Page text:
Today marks exactly 30 days off coffee for me. Surprisingly the first 10 days were easier than the last couple of weeks. It really got me to thinking about how we are such creatures of habit. I began to examine what worked for me in breaking this habit of coffee drinking, which, for anyone that knows me, has been that one thing I “needed” to start my day or keep me going. It was one of my last standing vices in my sobriety. I have had a few people ask me how I quit coffee, so I decided to put together my 4 tips to successfully break a habit.
1) Make the decision based off of the value it brings to your life.
I wanted to give up coffee for quite some time, but kept saying “I’ll do it tomorrow.” There were several reasons, or values, that contributed to my desire to break this habit.
Mainly for health reasons because I understand that it goes against creating an alkaline environment in our bodies, which promotes better health and helps defend our bodies from cancer. It was also because I wasn’t drinking it black, but instead loaded with sugar and cream, which isn’t good for me either because it ultimately ended up leaving me feeling fatigued. Lastly, because I have reached a point in life where I just don’t want anything to have even the slightest “control” over me. It was one of the last fleeting addictions I wanted to stretch myself to beat.
These reasons were my values in the decision. I gave a lot of thought and emphasis on how changing this behavior would add to my life. Breaking the habit shifted from only something I wanted, into something I felt my body and life needed. This helped me to give more weight to following through on it because I correlated it to the value it would bring to my life.
2) Give yourself something as a positive reinforcement each day.
Part of breaking habits is changing our behaviors and routines. For me, I would wake up and make coffee almost even in my sleep. In order to help change the habit I started drinking herbal tea and also a little bit of green tea to help with the caffeine withdrawals. The tea helped to be a positive reinforcement and wean me off not only the caffeine but the habit itself. Not to mention, I was introduced to Teavana, which is amazing and they have so many flavors to choose from that it feels like a treat every time I have it.
It’s important in any transition in life to be your own cheerleader. By offering yourself a reward of some sort each day for rising to the challenge of breaking a habit, you actually retrain your subconscious mind to be conditioned differently and associate differently with the habit. The positive reinforcement ends up replacing the habit eventually.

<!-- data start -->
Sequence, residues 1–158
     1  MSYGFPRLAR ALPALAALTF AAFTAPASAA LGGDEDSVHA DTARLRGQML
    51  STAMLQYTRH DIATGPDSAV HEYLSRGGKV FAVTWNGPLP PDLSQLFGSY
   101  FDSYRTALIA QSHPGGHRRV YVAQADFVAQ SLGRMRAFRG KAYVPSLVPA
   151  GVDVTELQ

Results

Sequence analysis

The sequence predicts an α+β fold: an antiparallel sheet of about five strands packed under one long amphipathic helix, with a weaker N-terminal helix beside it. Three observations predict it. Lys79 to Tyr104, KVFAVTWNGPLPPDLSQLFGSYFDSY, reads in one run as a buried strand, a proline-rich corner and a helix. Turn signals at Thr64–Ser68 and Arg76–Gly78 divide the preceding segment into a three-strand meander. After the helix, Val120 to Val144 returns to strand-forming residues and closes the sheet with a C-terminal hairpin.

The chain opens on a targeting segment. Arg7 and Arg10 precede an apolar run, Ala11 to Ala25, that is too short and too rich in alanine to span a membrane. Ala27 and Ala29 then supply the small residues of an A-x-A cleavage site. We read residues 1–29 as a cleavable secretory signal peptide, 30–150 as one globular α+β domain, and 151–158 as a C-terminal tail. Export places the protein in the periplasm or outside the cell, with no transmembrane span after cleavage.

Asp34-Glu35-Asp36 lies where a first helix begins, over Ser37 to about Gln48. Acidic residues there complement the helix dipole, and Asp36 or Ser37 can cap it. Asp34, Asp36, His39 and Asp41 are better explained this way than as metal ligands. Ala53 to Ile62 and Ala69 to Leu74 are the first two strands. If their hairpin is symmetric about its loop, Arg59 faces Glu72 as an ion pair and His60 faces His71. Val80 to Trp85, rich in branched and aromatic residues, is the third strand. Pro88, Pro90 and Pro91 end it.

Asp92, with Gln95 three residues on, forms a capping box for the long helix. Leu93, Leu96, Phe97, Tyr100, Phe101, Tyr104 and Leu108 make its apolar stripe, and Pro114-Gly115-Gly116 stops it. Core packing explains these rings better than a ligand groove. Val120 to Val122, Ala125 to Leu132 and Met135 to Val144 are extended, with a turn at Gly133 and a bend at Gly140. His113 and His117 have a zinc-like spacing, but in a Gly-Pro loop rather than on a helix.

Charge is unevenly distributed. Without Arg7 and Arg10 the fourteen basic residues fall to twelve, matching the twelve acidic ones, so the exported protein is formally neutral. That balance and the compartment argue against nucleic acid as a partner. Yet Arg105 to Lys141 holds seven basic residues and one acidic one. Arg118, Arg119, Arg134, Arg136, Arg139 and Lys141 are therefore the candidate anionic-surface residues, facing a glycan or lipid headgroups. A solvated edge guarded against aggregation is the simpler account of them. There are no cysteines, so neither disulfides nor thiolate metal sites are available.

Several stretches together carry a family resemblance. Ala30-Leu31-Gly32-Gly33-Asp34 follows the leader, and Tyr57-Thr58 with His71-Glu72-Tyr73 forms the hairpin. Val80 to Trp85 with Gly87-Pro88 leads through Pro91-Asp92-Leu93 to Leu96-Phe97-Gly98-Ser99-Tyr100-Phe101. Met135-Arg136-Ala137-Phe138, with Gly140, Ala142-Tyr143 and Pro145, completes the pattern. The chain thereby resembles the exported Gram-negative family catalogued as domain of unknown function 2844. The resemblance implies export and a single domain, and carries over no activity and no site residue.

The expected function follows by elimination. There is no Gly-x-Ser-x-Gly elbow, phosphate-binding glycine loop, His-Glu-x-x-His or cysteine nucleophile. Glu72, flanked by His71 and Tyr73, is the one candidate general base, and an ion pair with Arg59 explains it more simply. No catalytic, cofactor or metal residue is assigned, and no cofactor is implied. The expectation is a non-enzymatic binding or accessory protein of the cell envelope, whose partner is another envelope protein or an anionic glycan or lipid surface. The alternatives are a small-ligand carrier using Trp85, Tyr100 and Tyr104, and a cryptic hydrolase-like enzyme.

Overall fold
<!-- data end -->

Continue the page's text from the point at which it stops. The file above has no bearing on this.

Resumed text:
3) Keep track of your streak.
I’m a relatively competitive person that loves checking off checklists. So, I started tracking “my streak” with this awesome app called Streaks. It helps you check off days that you are doing something consecutively or in a streak. For me it was off coffee, but it could be off sugar, sobriety, negativity, gossiping, etc. The app is great because it helps you track your progress and adds a layer of accountability. I actually shared my streak on social media, which additionally boosted my motivation to keep it going.
When breaking a habit it is very important to track your progress because this helps you each time you are faced with the temptation of slipping or falling back into it. When you have skin in the game, it makes it harder to want to forfeit your time already invested into breaking the habit.
4) Prepare and plan for temptation.
Coffee is pretty much available everywhere. Starbucks and Coffee Bean were always the go-to spots for my coffee fix. Naturally, when I see them they trigger my brain to think of the taste of coffee. So, when I decided to quit, I had to mentally prepare myself for what I would do in those situations where it would inevitably come up. So, by using the first 3 tips to back this one, I’m able to resist the temptations as they come.
Another good way to prepare is actually to create obstacles for yourself that prevent you from doing the habit. I threw out all my coffee at home, so I didn’t even have it available. I did not plan coffee meetings with anyone the past 30 days and if I was in a situation where I could have ordered coffee, I order tea instead. Because I planned ahead for the temptations I might face, when they came up, I was better prepared to battle them.
I also reminded myself throughout the process to give myself some grace and not be too hard on myself if I did slip up because I knew that I was making a real effort. I think that is also essential to keep in mind. If you fall off track, just get right back on and keep doing your best.
I read a Zig Ziglar quote the other day that said,
“All bad habits start off slowly and gradually, and before you know you have the habit, the habit has you.”
At the end of the day, breaking a habit is not an easy task. We are wired for comfort and routine. Our bodies and brains are easily trained into a habit. However, it is possible to set yourself up for success by putting a system in place that works for you. These are tips that proved to be helpful in breaking a habit for me. I would encourage you to give them a try if there is a habit you are trying to overcome.